Movie Guide


Amandla! A Revolution in Four-Part Harmony (PG-13)

Director: Lee Hirsch. With Miriam Makeba, Abdullah Ibrahim, Hugh Masakela, Thandi Modise. (108 min.)

Sterritt ** A look at the role played by popular music in the war against apartheid during 40 years of South Africa's history. There are lots of lively tunes in an excellent cause, but in the end you wish you'd either probed more deeply into historical events or heard more uninterrupted minutes of inspired performing. In English, Xhosa, and Zulu, with English subtitles.

Dark Blue (R)

Director: Ron Shelton. With Kurt Russell, Lolita Davidovich, Scott Speedman, Ving Rhames. (116 min.)

Sterritt *** See review, page 15.

Erotic Tales (Not rated)

Directors: Susan Seidelman, Amos Kollek, Jos Stelling. With Mira Sorvino, Aida Turturro, Victor Argo, Ruth Maleczech. (76 min.)

Sterritt ** Three brief comedies filmed in English for a German television series. The most thoughtful is Seidelman's contribution, "The Dutch Master," about a working woman who becomes transfixed by a painting in a museum. "Angela" views an aging man's wish for companionship with an elusive stranger, and "The Waiting Room" glances at fleeting relationships in a public place.

From the Other Side (Not rated)

Director: Chantal Akerman. With Mexican immigrants to the United States. (103 min.)

Sterritt ** Akerman's concern for a Mexican woman who disappeared after moving to Los Angeles sparked this documentary about the dangers faced by undocumented immigrants who evade American immigration laws. Akerman is among the most imaginative filmmakers in her native Belgium or anywhere else, but here she doesn't get very far beneath the surface of her subject. In English, French, and Spanish, with English subtitles.

Gods and Generals (PG-13)

Director: Ronald F. Maxwell. With Robert Duvall, Jeff Daniels, Stephen Lang, Mira Sorvino. (225 min.)

Sterritt * See review, page 15.

Lawless Heart (R)

Directors: Neil Hunter, Tom Hunsinger. With Tom Hollander, Bill Nighy, Douglas Henshall, Clementine Celarie. (110 min.)

Sterritt *** After a friend's untimely death, three men rethink the other relationships in their lives. What's essentially a commonplace story is broadened and deepened by the filmmakers' strategy of telling it multiple times from multiple points of view. Solid acting and engaging characters round out the neatly assembled tale.

The Life of David Gale (R)

Director: Alan Parker. With Kevin Spacey, Kate Winslet, Gabriel Mann, Laura Linney. (130 min.)

Sterritt ** See review, page 15.

Old School (R)

Director Todd Phillips. With Will Ferrell, Luke Wilson, Vince Vaughn, Juliette Lewis. (90 min.)

Staff * Ferrell, Wilson, and Vaughn play middle-aged men who yearn for a return to the frolics of student life. What better solution than to purchase a house and set up a fraternity next to an institution of higher learning. "Old School," then, is another entry in the oddly enduring genre spawned by "Animal House": the campus comedy. The conventions are all too familiar: booze, sex, ribald hijinks, a fight against a college administration, and coming-of-age moments. In this case, the latter element is noticeably absent. So is the comedy. The three men are capable comics but the material is so weak that it makes one almost yearn for the inadequacy of a Police Academy sequel. "Old School" flunks on every level. By Stephen Humphries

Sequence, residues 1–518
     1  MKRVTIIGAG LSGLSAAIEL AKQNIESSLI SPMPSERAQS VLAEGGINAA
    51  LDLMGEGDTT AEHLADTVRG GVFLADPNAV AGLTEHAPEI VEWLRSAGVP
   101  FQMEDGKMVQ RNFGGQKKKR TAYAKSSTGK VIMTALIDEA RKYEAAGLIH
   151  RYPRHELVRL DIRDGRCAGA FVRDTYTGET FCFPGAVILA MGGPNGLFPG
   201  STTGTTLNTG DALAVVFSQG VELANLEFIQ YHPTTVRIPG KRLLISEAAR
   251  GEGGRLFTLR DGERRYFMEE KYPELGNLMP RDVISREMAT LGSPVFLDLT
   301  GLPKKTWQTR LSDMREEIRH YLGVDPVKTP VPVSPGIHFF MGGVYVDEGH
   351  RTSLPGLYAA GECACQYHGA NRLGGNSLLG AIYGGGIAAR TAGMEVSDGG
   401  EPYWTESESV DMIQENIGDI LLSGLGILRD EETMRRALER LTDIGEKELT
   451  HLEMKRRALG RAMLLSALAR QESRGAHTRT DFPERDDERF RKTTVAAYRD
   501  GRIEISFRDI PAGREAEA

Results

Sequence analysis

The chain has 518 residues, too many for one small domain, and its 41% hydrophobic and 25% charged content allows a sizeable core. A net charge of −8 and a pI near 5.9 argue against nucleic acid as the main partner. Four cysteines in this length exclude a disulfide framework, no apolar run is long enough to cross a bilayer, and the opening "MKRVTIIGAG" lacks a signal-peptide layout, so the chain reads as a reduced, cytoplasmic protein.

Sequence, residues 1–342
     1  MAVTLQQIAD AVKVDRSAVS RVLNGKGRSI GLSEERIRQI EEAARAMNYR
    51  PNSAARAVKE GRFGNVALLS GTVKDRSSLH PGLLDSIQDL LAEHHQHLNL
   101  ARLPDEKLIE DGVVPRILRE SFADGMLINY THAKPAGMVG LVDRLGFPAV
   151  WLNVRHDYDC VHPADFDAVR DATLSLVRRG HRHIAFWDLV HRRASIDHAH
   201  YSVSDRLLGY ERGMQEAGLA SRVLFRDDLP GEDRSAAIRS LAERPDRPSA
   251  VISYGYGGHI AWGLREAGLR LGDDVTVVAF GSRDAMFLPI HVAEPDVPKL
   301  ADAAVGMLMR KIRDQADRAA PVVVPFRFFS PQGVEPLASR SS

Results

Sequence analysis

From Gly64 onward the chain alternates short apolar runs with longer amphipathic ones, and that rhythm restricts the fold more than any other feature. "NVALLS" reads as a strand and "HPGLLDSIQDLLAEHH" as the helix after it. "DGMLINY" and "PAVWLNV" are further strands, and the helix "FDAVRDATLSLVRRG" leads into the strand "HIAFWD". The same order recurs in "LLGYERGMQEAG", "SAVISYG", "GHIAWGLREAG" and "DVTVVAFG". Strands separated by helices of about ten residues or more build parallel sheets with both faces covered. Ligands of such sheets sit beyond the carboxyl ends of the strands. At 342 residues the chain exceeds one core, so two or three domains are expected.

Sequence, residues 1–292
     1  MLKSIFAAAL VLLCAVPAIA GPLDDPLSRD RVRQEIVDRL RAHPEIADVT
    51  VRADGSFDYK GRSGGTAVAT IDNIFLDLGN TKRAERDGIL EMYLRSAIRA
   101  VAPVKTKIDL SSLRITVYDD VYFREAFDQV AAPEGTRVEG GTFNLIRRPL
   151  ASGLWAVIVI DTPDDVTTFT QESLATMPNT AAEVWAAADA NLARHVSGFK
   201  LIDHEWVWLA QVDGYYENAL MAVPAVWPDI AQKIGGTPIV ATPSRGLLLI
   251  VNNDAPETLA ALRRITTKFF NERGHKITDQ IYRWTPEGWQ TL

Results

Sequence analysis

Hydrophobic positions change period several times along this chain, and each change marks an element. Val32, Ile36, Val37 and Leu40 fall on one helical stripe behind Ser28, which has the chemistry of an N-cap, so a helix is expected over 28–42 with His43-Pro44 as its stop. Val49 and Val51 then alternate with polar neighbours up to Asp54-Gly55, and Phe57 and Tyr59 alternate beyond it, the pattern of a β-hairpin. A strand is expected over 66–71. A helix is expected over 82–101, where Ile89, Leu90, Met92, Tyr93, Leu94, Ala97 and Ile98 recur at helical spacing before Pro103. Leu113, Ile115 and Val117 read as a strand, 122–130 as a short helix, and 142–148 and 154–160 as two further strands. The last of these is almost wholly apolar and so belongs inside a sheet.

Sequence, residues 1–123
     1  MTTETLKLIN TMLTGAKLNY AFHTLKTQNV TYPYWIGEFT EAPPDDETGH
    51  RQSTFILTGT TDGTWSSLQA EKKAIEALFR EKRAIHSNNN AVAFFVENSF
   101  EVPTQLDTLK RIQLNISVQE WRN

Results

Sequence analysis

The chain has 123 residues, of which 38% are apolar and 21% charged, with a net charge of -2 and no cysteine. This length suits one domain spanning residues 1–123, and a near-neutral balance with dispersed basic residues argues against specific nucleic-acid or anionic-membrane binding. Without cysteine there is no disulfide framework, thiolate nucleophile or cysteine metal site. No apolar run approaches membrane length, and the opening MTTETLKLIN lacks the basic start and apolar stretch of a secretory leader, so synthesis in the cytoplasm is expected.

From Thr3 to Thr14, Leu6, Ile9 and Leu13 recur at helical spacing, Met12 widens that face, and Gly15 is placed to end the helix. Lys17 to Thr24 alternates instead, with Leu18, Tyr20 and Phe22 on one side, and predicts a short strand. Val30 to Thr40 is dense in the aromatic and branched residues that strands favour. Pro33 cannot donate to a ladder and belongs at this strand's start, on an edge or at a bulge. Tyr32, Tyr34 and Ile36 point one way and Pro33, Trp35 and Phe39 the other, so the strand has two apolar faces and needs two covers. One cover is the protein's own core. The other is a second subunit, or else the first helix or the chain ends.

Till Human Voices Wake Us (R)

Director: Michael Petroni. With Guy Pearce, Helena Bonham Carter, Frank Gallacher. (101 min.)

Sterritt ** Visiting his Australian hometown after his father's death, a man remembers a romance of his teenage years and develops an enigmatic relationship with a mysterious woman who can't remember her own past. Petroni's directorial debut is too bittersweet and atmospheric for its own good, wrapping a potentially strong story in too many layers of misty emotion.

Daredevil (PG-13)

Director: Mark Steven Johnson. With Ben Affleck, Colin Farrell, Jennifer Garner. (96 min.)

Staff * Batman, Superman, Spidey, and now Daredevil? Yes, Daredevil, the comic-book hero created in 1964 by Stan Lee. Ten minutes into it, you won't need superhuman senses to realize it won't be a great movie. Affleck plays Matt Murdock, a blind lawyer by day, action hero by night. He lost his sight as a young boy in a freak accident. Suddenly, he has heightened senses, can leap from building to building, and fight expertly with his walking stick. There's plenty of action - almost too much - but the characters aren't likable, the plot is thin, and the acting is robotic. This is no "Spider-Man." It's a dark, gritty world, and the violence is exhausting. By Lisa Leigh Connors

Staff **1/2 Violent, mindless, comic-bookish.

Sex/Nudity: 1 instance of innuendo; 1 scene of implied sex. Violence: 20 scenes, including bloody fights. Profanity: 11 expressions. Drugs: 10 scenes of drinking and smoking.

Deliver Us From Eva (R)

Director: Gary Hardwick. With Gabrielle Union, LL Cool J, Duane Martin, Mel Jackson. (105 min.)

Staff ** Eva (Union) has raised her three younger sisters since the untimely death of their parents. Now they're grown up, and Eva continues to mother them by meddling in their relationships. The sisters' husbands and fiancé hire a ladies' man (LL Cool J), to sweep Eva off her feet and out of their lives. Naturally, the plan backfires. What nearly saves the paint-by-numbers plot is a watchable cast and filmmakers' occasional willingness to paint outside the lines. By M.K. Terrell

Staff *** Brightly cast, energetic, ribald.

Sex/Nudity: 19 instances of innuendo. 1 sex scene. Violence: 3 scenes. Profanity: 68 expressions. Drugs: 10 scenes of drinking.

Final Destination 2 (R)

Director: David Richard Ellis. With A.J. Cook, Sarah Hattingh, Ali Larter, Tony Todd. (100 min.)

Staff *1/2 Waiting for a red light, young Kimberly (Cook) has a terrifying, gruesome vision of a major freeway pileup. As the lead character did in the original "Destination," Kim acts on her precognition, blocking an on-ramp to keep would-be victims off the highway until the crashes are over. But it's not nice to mess with fate. Horrible accidents overtake survivors, one by one, as they theorize about how they can thwart death's plan. The movie becomes progressively less imaginative but no less grisly as it wears on. By M.K. Terrell

Sex/Nudity: Partial nudity. 1 instance of innuendo. Violence: 20 scenes, including bad traffic accident. Profanity: 25 harsh expressions. Drugs: 9 scenes of drinking, smoking, and illegal drug use.